August 5, 2013

Cutthroats in a Brown Trout stream

The other day I was on my way back from my parents house and stopped in at a creek that haven't fished since winter. It is a nice stream, with modest to high gradient. I usually catch all browns when I fish it, but that day I caught mainly cutthroats. These would be Bonneville cutthroats, given the location of the watershed.

The water is running lower than I've seen it, 57 CFS. Normally when I fish it the flow is 75-90 CFS. The water temperature was good at 60 degrees F so I wasn't too worried about overly stressing out the fish I caught.

I entered the water and started fishing with the Daiwa LT36SF and a #4 line. I mainly fished upstream, with an occasional cross-stream cast. Within 3-4 minutes of arrival I was into my first fish, a 10 inch cutthroat.


One thing I really like about tenkara techniques is the ability to dissect or systematically take apart a stream, regardless of the flow pattern and obstacles. If you want to fish that little eddy on the far side, then cast and place your fly right there. If you want to hit that hydraulic cushion on the upstream side of the large boulder-rapids, then cast over and place your fly there. The main thing you have to remember in these type of situations is to accelerate your forward cast enough so that the fly hits the water and not the line. If your line even touches the water then the fly will be dragged out of position. So, accelerate forward, stop the cast abruptly at the 10 o'clock position and let the fly hit the water, all the time not allowing the line to touch the water. BTW, I'm talking line here, not tippet. Obviously some of your tippet will contact the water as your fly sinks, but even then, keep this contact to a minimum. That way your fly will stay in place -- hover, so to speak, in that pocket of water. This gives that precious few seconds for the trout to see your fly and react.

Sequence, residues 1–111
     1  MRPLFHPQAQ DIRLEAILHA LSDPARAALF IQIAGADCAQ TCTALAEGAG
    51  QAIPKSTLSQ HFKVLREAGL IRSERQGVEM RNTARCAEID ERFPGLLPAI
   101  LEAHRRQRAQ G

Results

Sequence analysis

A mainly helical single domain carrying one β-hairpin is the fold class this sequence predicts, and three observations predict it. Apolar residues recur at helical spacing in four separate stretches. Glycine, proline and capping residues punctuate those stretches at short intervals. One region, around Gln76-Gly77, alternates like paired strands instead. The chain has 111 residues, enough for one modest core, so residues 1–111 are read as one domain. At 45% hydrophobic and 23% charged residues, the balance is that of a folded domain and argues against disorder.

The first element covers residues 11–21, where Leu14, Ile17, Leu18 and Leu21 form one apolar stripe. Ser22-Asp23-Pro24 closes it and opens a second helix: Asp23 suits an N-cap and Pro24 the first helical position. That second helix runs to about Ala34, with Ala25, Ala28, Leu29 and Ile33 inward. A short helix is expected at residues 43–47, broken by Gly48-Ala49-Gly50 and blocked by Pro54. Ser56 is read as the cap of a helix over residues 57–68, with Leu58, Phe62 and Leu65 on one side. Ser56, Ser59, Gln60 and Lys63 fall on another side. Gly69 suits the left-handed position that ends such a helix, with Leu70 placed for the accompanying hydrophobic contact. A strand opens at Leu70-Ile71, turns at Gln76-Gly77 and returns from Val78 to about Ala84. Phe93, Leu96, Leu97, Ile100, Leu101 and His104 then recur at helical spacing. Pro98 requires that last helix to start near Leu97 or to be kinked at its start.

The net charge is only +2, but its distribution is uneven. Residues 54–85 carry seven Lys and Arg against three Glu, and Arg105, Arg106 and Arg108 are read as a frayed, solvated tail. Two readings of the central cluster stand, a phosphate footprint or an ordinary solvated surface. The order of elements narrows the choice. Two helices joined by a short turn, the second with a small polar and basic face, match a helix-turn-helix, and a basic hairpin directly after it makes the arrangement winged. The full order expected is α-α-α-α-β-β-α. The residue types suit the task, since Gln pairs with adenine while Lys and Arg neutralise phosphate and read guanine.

As I was saying earlier, I took a number of cutthroats where normally I take browns. The largest fish was 13 inches; nice and healthy with excellent color. I took him out of a pocket upstream and to the right of a tongue and chute of water being diverted by a large boulder. There would have been no way I could have taken him with western gear and techniques, even high sticking. As soon as he took the fly he plunged over the fall and shot down stream. I guided him into some more calm water and netted him. Very nice fish!

I targeted my cast here ...
... and caught this beautiful Bonneville cutthroat.

I fished for only about 1.5 hours and it rained a little but that was OK by me. It was a nice little break catching my favorite trout species.

Here's a video of some of the fish:

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